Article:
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Mr. Salmond: Let us say that a Member of this House declared that he was paid by Westminster Communications--a lobbying company with hundreds of clients. How would the House know for which, if any, of those hundreds of clients the Member was making a case?

Dr. Fox: The best way would be by asking questions openly in a democratic debate. I do not understand the benefit of preventing or restricting the participation of a Member. Declaring and registering an interest should be enough. There is a chance to avoid some of the pitfalls that we have had here in recent years. The Minister should take the opportunity to make matters clearer and more transparent from the outset. If he cannot accept our

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amendments, he should give a commitment to consider similar amendments to ensure that there is not one rule for one and another rule for others.

Mr. Dalyell: I hope that this is the right time to make these points. The Law Society of Scotland is of the view that important matters such as the Register of Members' Interests, being in primary legislation, should be subject to adequate parliamentary scrutiny, and should not be formulated in Standing Orders, which could be subject to simple amendment procedures. It is also concerned that the clause creates the framework for an offence provision but delegates the scope of that offence to the Scottish Parliament in its Standing Orders. Is it appropriate that the Standing Orders should contain provisions creating offences as provided for in subsection (6)?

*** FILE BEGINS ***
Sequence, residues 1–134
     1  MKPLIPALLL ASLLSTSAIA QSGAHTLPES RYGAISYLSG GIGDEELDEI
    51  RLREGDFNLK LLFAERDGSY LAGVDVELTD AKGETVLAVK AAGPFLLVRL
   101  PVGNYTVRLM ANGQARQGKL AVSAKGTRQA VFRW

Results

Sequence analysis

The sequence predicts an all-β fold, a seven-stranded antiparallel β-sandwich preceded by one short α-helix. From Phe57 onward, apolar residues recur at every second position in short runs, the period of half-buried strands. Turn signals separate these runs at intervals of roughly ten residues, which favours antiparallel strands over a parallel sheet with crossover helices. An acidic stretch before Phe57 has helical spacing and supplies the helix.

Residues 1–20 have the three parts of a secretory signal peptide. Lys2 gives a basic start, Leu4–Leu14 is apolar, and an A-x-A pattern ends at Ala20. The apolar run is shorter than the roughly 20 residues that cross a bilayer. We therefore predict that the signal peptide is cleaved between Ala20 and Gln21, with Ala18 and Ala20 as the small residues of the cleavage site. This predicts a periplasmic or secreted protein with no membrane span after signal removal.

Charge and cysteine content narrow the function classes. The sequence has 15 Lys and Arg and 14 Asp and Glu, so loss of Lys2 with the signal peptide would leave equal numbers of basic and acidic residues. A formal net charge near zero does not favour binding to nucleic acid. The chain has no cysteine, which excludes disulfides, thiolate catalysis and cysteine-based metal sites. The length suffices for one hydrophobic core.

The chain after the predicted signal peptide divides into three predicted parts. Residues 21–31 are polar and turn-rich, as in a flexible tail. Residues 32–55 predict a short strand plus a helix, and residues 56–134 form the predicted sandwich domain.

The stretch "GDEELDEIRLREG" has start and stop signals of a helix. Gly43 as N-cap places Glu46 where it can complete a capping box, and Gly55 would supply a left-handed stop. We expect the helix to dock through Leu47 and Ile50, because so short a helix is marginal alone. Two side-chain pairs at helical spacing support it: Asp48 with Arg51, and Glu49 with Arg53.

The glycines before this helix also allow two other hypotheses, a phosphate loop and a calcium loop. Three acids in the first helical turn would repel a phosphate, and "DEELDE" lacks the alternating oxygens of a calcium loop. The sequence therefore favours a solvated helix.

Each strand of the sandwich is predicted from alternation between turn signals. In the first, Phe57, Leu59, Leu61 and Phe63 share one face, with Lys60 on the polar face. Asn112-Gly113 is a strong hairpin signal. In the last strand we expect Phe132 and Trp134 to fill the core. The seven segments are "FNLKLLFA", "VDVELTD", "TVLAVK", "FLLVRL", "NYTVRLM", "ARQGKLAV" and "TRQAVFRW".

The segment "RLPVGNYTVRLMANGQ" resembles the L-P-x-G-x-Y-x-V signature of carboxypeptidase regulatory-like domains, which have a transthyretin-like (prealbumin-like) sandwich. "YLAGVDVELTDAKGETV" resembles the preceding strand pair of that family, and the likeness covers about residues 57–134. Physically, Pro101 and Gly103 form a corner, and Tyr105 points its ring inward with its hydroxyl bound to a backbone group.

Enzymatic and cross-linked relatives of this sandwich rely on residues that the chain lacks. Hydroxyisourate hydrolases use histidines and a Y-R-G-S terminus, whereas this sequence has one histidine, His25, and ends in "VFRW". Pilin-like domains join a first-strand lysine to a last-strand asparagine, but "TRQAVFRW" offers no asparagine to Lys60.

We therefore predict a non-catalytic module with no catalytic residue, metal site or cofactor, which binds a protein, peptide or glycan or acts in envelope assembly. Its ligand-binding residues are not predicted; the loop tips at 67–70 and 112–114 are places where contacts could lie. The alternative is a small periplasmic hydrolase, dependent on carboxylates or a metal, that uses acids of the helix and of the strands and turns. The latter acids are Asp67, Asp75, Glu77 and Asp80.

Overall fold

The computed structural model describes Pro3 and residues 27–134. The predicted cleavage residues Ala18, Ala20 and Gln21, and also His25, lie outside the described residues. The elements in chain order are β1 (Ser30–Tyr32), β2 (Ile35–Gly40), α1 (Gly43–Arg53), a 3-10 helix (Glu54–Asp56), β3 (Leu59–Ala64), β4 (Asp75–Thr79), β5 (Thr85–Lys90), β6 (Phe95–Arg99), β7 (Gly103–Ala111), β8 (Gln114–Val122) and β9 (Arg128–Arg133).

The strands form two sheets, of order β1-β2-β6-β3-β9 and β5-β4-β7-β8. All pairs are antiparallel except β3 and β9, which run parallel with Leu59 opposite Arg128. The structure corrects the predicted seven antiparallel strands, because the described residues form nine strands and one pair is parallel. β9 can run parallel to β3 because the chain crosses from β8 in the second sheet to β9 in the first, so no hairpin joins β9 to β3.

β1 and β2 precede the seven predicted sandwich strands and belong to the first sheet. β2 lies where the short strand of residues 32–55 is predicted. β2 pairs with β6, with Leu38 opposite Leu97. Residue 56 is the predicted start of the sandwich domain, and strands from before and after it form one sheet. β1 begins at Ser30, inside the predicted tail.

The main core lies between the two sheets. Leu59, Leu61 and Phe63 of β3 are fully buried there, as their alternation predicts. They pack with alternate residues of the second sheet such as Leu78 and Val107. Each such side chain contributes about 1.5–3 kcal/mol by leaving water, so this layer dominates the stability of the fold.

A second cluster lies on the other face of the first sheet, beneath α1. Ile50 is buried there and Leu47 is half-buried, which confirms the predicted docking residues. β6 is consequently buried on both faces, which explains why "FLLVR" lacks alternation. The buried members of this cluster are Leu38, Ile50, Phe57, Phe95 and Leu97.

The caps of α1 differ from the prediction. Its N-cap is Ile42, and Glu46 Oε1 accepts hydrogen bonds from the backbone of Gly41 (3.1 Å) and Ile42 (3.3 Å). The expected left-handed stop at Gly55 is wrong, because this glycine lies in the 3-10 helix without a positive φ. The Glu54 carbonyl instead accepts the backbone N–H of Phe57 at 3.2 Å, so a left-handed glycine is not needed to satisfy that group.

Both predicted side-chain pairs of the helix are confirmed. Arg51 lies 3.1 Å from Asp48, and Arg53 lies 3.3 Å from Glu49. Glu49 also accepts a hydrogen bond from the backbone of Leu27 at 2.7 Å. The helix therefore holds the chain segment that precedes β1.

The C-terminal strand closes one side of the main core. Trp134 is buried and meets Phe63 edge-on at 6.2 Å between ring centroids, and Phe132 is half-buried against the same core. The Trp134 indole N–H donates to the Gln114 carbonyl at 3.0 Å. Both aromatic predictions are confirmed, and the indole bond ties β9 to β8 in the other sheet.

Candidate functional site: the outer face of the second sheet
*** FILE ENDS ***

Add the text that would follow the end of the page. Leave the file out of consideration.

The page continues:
Sir Robert Smith (West Aberdeenshire and Kincardine): We support the amendment, because the public's concern about paid advocacy extends beyond the individual to organisations of any description. We hope that the definition extends to private limited companies. People should not be advocating causes on behalf of a financial interest. They should represent the people whom they were elected to serve.

Will the Minister tell us the legal definition of "person"? It would also be helpful if the Conservatives could give us a definition of "organisation". There is some debate about the legal definition of "person". The book provided by the Scottish Office does not extend the definition, leaving the impression that a "person" is an individual. The public would like it extended to cover organisations and other bodies.

Mr. Salmond: For consistency, the Conservatives must withdraw the amendment. They have argued on other amendments for matters to be left to the Parliament. The issue can and should be dealt with in the Standing Orders of the Parliament. We had a brief preliminary discussion at the consultative committee, when the subject was raised obliquely. I am not sure whether anyone has the full answer, but we all recognise that the public believe that there is a huge problem in this place. That problem remains; it has by no means been settled or solved.

We should have a few guiding principles. Members of the Scottish Parliament should be full-time, not part-time. There is a case for someone with a family business still needing to be present in that business, but that is different from someone having 20, 25 or 30 directorships littered around. Even if those directorships are declared, the Member is still cheating his or her constituency and the public.